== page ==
Cybersecurity for Contractors—Including How to Mitigate Cyber Attacks

Proactivity against cyberattacks is paramount in the digital age of building—especially with construction companies making such appealing targets.
By Michael Needham
December 15, 2023

Construction companies face numerous issues in the current environment, especially with increased materials costs and labor shortages. Cyberattacks are another area these companies need to pay particular attention to, but they often fly under the radar. Construction companies make for appealing targets for a handful of reasons:

1. Construction companies store large amounts of sensitive data, especially those that work on government contracts. This data could include bidding strategies or highly sensitive blueprints.

2. Many construction companies use software and devices that could contain vulnerabilities. This includes job-costing systems, time and entry systems and asset tracking software. 

3. Construction companies frequently work with numerous vendors and subcontractors. A data breach could affect any of these partnered companies.

The first step towards protecting a company from cyberattacks is identifying possible entry points into the system that cybercriminals can use. Contractors and their employees often rely on construction project-management software to track the status of ongoing projects, which helps them have current data on the progress of projects and track costs and profits. These systems are widely run on smartphones, laptops and/or tablets since project managers are in the field. With so many devices being used, it is hard to enact total security that can protect every single entry point in the system, leaving the system vulnerable to cybercriminals. Even if a construction company has taken proactive measures, its subcontractor or client systems may not be secure. However, there are further steps that can boost cybersecurity for all parties.


Zero-trust security systems ensure that every login attempt and user device is authenticated whenever employees want to access sensitive company information. Zero-trust security policies assume that each attempt to access the system is a likely threat until proven otherwise.

For a construction company employing a lot of workers, each of whom is logging in from different locations and devices, zero-trust security can be a good policy for protecting all entry points. Zero-trust security also provides an added layer of data encryption so that even if cybercriminals can pass through the authentication process, they cannot decrypt the stored data.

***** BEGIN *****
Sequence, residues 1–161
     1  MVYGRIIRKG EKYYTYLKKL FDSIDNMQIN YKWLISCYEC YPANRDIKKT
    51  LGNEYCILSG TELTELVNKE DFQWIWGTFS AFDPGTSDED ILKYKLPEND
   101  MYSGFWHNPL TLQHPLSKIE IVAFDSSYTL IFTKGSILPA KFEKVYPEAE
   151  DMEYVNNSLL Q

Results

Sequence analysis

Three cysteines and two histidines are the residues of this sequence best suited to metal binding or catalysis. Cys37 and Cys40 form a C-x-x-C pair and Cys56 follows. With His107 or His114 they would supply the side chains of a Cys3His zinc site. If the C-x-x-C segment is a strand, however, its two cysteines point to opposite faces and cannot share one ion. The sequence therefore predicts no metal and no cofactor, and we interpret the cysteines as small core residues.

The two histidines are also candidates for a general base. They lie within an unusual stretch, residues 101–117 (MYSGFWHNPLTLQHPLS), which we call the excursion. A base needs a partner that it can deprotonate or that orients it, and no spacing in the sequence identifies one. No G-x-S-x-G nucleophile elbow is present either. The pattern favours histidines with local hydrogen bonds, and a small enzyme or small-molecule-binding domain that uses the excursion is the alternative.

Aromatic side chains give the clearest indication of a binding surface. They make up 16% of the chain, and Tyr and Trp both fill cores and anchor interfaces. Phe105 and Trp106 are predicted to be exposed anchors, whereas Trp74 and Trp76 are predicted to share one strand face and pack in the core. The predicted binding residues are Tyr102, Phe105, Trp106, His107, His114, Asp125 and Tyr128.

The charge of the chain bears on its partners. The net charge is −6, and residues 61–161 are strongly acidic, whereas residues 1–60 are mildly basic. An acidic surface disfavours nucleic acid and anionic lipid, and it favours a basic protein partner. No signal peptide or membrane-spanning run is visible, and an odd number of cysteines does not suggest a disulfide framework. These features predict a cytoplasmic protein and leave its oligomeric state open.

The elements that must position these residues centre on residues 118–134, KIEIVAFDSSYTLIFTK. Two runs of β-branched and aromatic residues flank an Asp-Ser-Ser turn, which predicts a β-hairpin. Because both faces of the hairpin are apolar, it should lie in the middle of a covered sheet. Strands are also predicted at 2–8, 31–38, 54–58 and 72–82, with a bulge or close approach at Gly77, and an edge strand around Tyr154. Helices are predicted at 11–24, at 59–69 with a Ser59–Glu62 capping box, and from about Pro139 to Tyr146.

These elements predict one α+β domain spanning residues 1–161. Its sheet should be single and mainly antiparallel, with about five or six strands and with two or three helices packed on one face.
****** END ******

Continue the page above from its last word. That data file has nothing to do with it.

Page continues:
Construction-management software is a significant part of a company’s business and needs to be secure.

When selecting software, choose a company with a proven track record in the construction industry. Look for positive customer reviews from people who have used the product. Check if the developer offers technical assistance. Ensure they provide automatic updates for new threats.
Firewalls and antivirus software are also a must-have. Antivirus software is essential and needs to be consistently updated; A firewall can help build network security and protect the company’s devices from unauthorized user access to the company’s system.


One way to ensure that your company’s cybersecurity plan is up to the standard is to make certain your company complies with government-standard cybersecurity regulations. Bring in a certified third party to conduct security analyses and risk assessments. This is a preventive approach that gives your company the ability to identify weak spots within the systems and create solutions before a cyberattack takes place.


If a system breach occurs, your construction company must be prepared to deal with the damages. Create a clear incident response plan so that employees know what they are responsible for, what their roles are in enacting companywide damage control and who they should report to.

Conduct regular incident response testing to ensure your company and the policies are clear. You want to be as prepared as possible if a breach occurs. Regular testing clarifies which parts of the incident response plan will run smoothly and where confusion needs to be straightened out.


Cyber insurance is a good backup layer for added protection if a cyberattack incident occurs. Most cyber insurance policies will include breach notification and take care of the costs associated with forensic investigation processes.

Other types of insurance, such as professional indemnity and directors and officers liability insurance, will likely exclude cyberattacks from their policies, so purchasing cyber insurance as an additional layer of protection can be a good idea for companies who do not want to be held liable in the event of a data breach or other successful cyberattack.


Human error accounts for a high proportion of cybersecurity incidents. All employees, subcontractors and temporary workers should be thoroughly trained in cyberattack prevention. Understanding the possible threats and identifying common cyberattack tactics that target employees, such as phishing emails and malware, can add an essential intrinsic layer of security.

Training employees on good security practices—such as regularly installing software updates, creating strong passwords, utilizing multi-factor authentication on all devices and encrypting sensitive data—can prevent slip-ups that might have severe effects. IT policies should be clear to all employees so anyone can report suspicious communication, activity or login attempts to the correct colleague.

In the digital age, companies in almost every industry are susceptible to cyber threats. Mitigating that risk sometimes requires investing significant time and resources, but it can save millions of dollars in the long run.

by Michael Needham
Michael Needham is a supervisor with Marcum LLP.

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